It’s rare that a piece of music-related technology can seismically alter the future of composing. But that’s exactly what happened when Roland introduced their TR-808 drum machine 35 years ago. The New Yorker takes a look.
Last Friday, a Stradivarius violin that had been stolen in 1980 was returned to family members of the deceased virtuoso Roman Totenberg. It had been made by Antonio Stradivari in 1734, purchased by the Totenberg in 1943, and served as his career instrument before vanishing thirty-five years ago. On Saturday, a different set of classicists commemorated their own thirty-five year milestone: the 1980 arrival of another paragon in musical-instrument construction. They chose the celebration’s exact date, 8/08, for the device’s numerical name; they sang Roland’s TR-808 drum machine. Saturday was 808 Day.
The 808 inspired events in Los Angeles and New York. On Central Park’s SummerStage, the South Bronx d.j. and producer Afrika Bambaataa performed his 1983 electro-funk hit “Planet Rock”—the 808 heard round the world. Post-hip-hop neologisms such as “mash-up” and “curator” probably best describe both this song and its creator—an extremely open-minded d.j. whose blend of a Kraftwerk song, a U.K. prog-rock cut, and a Japanese electronic composition was wrought, intensified, and defined by the producer Arthur Baker’s emphatic use of the 808. While digital competitors already delivered more authentic snare, cymbal, and bass-drum sounds, an ascendant, more budget-minded coterie embraced the 808 as a primary instrument, effectively creating a new, more potent meaning for the word “drums.”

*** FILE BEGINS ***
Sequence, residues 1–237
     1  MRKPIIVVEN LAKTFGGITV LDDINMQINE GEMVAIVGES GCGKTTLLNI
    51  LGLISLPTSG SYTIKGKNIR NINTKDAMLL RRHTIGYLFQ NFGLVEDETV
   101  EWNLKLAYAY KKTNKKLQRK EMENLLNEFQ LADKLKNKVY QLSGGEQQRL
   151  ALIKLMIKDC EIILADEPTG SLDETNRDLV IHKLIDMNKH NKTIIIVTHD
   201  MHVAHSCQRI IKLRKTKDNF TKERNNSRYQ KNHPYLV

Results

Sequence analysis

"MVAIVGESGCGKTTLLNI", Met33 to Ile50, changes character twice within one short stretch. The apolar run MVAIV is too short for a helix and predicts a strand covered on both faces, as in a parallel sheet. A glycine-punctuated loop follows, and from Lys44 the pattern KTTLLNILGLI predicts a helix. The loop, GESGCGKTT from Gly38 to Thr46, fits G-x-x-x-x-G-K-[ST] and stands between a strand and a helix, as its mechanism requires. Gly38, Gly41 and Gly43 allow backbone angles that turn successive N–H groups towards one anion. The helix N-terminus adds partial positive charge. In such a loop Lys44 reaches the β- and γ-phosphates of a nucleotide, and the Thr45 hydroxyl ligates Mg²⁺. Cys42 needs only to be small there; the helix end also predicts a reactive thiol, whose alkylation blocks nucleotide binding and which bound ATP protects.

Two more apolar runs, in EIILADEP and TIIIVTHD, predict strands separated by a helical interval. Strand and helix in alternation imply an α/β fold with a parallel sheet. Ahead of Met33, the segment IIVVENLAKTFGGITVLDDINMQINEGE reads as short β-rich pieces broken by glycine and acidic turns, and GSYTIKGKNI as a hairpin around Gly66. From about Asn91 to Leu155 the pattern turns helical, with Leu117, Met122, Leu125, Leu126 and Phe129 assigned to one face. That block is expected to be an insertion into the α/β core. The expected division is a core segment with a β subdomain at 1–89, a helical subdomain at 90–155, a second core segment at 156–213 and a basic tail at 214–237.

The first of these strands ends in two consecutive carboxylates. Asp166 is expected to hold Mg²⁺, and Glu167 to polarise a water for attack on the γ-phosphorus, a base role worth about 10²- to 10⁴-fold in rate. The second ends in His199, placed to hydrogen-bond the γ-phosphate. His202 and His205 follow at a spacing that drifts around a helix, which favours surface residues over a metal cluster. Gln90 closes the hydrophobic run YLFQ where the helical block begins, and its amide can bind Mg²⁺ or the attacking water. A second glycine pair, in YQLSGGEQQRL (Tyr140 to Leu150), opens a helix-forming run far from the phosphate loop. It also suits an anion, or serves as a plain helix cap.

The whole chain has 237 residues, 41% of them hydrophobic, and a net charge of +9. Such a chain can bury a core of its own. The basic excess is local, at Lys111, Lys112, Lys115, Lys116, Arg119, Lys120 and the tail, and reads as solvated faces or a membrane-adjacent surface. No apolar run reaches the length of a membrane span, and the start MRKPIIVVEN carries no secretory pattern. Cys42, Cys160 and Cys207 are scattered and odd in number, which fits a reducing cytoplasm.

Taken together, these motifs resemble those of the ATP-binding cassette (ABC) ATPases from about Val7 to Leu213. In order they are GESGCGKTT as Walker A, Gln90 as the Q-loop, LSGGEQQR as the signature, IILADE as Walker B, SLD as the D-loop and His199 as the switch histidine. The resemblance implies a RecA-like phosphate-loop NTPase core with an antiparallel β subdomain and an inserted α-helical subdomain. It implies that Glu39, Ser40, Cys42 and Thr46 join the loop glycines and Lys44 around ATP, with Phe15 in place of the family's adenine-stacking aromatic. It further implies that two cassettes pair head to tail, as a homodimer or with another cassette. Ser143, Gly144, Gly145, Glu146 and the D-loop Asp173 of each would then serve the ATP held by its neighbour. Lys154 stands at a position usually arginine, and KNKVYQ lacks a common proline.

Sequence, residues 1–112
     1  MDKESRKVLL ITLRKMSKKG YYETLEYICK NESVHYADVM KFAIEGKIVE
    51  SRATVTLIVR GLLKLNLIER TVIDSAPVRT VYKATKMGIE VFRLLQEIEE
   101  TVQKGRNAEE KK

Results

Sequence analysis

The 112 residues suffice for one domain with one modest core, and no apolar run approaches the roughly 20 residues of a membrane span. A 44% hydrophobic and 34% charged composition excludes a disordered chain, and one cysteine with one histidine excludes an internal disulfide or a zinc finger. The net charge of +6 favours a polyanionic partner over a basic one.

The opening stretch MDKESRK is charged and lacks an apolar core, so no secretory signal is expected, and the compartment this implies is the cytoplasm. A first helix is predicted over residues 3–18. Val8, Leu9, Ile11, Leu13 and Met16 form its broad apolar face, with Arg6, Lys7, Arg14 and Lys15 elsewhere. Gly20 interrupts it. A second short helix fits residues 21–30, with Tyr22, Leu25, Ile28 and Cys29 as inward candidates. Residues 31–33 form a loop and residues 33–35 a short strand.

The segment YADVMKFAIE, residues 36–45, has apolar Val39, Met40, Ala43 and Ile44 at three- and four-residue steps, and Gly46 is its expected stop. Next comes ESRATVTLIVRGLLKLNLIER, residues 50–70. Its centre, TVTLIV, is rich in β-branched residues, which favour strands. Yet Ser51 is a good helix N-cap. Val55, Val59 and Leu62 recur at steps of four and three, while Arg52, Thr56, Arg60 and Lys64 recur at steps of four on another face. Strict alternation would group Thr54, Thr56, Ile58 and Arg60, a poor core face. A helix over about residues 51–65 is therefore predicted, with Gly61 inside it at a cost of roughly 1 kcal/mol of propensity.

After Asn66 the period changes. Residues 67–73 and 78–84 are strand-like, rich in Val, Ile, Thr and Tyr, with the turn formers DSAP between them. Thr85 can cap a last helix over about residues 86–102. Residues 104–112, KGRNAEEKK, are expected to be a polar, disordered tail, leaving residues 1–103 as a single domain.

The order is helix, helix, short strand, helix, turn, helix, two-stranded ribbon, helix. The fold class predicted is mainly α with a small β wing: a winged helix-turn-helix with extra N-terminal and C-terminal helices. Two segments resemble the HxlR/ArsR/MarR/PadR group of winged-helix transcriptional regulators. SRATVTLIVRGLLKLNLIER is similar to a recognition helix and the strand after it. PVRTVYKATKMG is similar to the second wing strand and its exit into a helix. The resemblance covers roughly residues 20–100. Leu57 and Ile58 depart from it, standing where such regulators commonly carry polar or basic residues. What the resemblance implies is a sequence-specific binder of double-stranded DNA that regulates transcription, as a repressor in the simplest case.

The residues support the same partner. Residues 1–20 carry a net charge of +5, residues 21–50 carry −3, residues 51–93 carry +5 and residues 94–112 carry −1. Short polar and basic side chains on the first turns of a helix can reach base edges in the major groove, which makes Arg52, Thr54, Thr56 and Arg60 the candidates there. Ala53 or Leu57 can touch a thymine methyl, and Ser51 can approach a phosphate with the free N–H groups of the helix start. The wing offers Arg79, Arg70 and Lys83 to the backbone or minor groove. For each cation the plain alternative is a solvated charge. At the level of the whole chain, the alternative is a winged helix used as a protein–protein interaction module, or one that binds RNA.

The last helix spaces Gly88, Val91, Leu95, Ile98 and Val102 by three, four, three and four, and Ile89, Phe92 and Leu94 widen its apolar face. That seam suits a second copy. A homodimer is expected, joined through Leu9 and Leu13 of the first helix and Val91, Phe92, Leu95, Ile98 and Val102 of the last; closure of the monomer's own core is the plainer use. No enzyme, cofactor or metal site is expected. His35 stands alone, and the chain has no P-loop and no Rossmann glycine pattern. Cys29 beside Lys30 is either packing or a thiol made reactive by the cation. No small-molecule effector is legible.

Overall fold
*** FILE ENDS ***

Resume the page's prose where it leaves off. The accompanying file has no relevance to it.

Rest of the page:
Planet Rock” began a revolution that is breathlessly narrated by Alex Dunn’s new documentary, “808,” which describes “a movement in music, headed by the 808.” You have to wonder if this movement’s members actually considered a piece of audio gear their Dear Leader, but this summary of the 808’s impact does foreshadow a sentiment that is common in today’s electronic-dance-music scene, whose luminaries, such as David Guetta, credit their genre’s innovations to tech upgrades. The introduction of Roland’s magic box was indisputably the Big Bang of pop’s great age of disruption, from 1983 to 1986. The 808’s defiantly inorganic timbres—robot handclaps, turn-signal cowbells, a compressed-air punching snare—sketched out the domain of a new world of music, its effective atlas being the self-titled 1984 début album by Run-D.M.C. While most of the 808’s sounds dated instantly, its bass kick had a life of its own. Less a product of engineering than a force of nature, this bass-rolling subsonic boom has come to be what people mean when they refer to “an 808.” Similar to the oceanic crescendo that runs through Wagner’s Vorspiel to “Das Rheingold,” this bass is felt before it’s heard, the downbeat swooning to fill a space, tuned to its own harmonic center.